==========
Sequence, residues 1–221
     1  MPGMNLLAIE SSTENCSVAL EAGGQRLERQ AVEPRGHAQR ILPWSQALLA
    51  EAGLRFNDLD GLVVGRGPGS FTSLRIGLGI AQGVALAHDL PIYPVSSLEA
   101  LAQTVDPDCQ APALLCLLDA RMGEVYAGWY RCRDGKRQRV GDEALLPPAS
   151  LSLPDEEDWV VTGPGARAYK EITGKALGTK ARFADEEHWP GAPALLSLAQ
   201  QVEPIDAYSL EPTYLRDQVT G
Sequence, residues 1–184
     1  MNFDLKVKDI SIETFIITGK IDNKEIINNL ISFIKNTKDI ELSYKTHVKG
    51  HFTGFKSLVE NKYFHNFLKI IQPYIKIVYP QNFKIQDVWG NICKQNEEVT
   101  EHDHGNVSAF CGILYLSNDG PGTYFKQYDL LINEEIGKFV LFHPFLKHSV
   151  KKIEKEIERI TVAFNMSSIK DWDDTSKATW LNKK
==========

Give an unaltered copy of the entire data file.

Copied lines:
Sequence, residues 1–221
     1  MPGMNLLAIE SSTENCSVAL EAGGQRLERQ AVEPRGHAQR ILPWSQALLA
    51  EAGLRFNDLD GLVVGRGPGS FTSLRIGLGI AQGVALAHDL PIYPVSSLEA
   101  LAQTVDPDCQ APALLCLLDA RMGEVYAGWY RCRDGKRQRV GDEALLPPAS
   151  LSLPDEEDWV VTGPGARAYK EITGKALGTK ARFADEEHWP GAPALLSLAQ
   201  QVEPIDAYSL EPTYLRDQVT G
Sequence, residues 1–184
     1  MNFDLKVKDI SIETFIITGK IDNKEIINNL ISFIKNTKDI ELSYKTHVKG
    51  HFTGFKSLVE NKYFHNFLKI IQPYIKIVYP QNFKIQDVWG NICKQNEEVT
   101  EHDHGNVSAF CGILYLSNDG PGTYFKQYDL LINEEIGKFV LFHPFLKHSV
   151  KKIEKEIERI TVAFNMSSIK DWDDTSKATW LNKK